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    Re: Thredbo chair to charlottes pass

    Hey VSG I sometimes remember you getting screenshots of old webpages from some site, would I be wrong in assuming the pics Tropposkier would be there?
     
    #557 benchives, Jun 14, 2012
    Last edited by a moderator: Nov 26, 2013
  8. VSG

    VSG Crayon Master Moderator

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    Re: Thredbo chair to charlottes pass

    If the site has archived images posted to pages, there may be a chance. Link
     
    #558 VSG, Jun 14, 2012
    Last edited by a moderator: Dec 15, 2013
  9. benchives

    benchives I forgot how to ski Ski Pass: Gold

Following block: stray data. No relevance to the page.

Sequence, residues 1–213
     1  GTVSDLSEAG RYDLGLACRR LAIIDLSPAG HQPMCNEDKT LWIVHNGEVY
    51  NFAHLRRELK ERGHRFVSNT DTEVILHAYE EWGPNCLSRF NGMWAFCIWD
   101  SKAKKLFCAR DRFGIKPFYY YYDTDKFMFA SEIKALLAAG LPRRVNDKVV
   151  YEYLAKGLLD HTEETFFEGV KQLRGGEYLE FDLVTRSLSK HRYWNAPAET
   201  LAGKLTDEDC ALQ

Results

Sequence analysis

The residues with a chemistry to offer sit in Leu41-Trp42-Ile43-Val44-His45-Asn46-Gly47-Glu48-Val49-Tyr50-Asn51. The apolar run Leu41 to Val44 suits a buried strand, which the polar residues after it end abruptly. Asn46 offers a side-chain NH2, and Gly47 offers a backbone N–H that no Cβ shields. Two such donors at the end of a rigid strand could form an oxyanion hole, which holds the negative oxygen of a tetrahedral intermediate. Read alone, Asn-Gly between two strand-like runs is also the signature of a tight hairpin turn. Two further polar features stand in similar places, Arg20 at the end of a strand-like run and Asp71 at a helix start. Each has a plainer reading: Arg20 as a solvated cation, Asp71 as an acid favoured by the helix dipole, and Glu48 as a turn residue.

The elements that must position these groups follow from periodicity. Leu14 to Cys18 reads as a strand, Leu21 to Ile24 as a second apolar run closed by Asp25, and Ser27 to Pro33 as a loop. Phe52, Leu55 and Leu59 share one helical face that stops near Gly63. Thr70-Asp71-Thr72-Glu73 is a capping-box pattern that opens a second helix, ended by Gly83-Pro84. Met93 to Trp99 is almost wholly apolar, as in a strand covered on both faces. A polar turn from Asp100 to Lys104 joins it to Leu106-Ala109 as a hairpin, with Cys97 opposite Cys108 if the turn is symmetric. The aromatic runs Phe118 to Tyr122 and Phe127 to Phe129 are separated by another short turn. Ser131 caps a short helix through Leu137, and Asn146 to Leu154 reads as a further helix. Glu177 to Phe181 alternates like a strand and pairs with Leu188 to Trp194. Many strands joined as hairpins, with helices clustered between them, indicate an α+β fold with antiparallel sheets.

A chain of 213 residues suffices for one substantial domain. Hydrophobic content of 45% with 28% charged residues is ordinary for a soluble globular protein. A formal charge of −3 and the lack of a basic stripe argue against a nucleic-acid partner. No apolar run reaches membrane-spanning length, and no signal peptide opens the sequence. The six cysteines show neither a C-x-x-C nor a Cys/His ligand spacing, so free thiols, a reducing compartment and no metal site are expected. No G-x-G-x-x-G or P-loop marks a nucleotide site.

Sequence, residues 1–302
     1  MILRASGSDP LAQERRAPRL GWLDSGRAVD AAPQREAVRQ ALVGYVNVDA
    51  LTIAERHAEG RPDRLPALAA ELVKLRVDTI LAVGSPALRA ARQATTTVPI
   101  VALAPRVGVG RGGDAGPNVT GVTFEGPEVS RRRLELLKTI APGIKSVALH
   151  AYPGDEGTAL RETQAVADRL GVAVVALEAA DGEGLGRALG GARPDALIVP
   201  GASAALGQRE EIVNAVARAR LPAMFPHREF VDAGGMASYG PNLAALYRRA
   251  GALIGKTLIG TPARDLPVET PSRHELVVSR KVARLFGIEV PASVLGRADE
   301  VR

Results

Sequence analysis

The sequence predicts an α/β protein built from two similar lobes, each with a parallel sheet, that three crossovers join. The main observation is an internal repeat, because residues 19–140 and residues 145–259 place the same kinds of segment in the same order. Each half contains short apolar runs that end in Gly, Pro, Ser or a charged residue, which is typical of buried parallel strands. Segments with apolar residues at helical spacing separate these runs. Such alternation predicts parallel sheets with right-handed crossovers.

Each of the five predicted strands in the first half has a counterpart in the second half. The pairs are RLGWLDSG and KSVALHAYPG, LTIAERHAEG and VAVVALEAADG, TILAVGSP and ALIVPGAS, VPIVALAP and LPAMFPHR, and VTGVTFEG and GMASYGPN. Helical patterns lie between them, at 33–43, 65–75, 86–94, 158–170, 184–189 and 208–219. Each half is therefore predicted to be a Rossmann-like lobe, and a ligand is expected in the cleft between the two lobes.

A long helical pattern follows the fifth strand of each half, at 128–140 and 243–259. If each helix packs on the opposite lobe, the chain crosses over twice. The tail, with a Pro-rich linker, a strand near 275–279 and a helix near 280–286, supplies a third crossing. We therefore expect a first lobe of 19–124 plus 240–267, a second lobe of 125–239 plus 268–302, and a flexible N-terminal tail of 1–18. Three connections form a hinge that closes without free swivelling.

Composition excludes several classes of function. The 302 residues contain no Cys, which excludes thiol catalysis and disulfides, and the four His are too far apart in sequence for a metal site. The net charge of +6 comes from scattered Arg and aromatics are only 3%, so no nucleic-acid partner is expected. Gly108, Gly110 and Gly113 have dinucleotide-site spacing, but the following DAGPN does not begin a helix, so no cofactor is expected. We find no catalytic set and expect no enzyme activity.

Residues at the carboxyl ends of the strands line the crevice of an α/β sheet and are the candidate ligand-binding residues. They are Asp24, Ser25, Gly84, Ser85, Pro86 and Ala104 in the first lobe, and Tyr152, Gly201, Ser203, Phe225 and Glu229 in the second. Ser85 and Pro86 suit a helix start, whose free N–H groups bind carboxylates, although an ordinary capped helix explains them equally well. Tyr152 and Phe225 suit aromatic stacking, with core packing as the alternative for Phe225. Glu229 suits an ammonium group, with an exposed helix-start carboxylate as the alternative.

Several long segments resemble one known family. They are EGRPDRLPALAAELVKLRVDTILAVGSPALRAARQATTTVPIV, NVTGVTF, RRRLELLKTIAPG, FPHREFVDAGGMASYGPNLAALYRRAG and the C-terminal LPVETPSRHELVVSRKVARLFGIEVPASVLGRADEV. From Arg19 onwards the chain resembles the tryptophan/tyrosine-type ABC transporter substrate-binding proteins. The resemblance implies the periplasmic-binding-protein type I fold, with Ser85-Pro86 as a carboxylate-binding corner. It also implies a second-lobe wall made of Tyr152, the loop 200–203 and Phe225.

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    Re: Thredbo chair to charlottes pass

    Thanks for the link, I'll trawl and rehost if I can [​IMG]
     
    #559 benchives, Jun 14, 2012
    Last edited by a moderator: Nov 12, 2013
  10. SAL

    SAL One of Us Ski Pass: Gold

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    Re: Thredbo chair to charlottes pass

    Did Diponza ever publish his book on this topic?
     
    #560 SAL, Jun 15, 2012
    Last edited by a moderator: Nov 26, 2013
  11. Diponza

    Diponza Hard Yards

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    Re: Thredbo chair to charlottes pass

    I'm still year or two away from being in the position to publish - I'm still deep in the research phase.
     
    #561 Diponza, Jun 17, 2012
    Last edited by a moderator: Nov 26, 2013
  12. SAL

    SAL One of Us Ski Pass: Gold

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    Re: Thredbo chair to charlottes pass

    OK thanks.
     
    #562 SAL, Jun 18, 2012
    Last edited by a moderator: Nov 26, 2013
  13. Shahin

    Shahin First Runs

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    Re: Thredbo chair to charlottes pass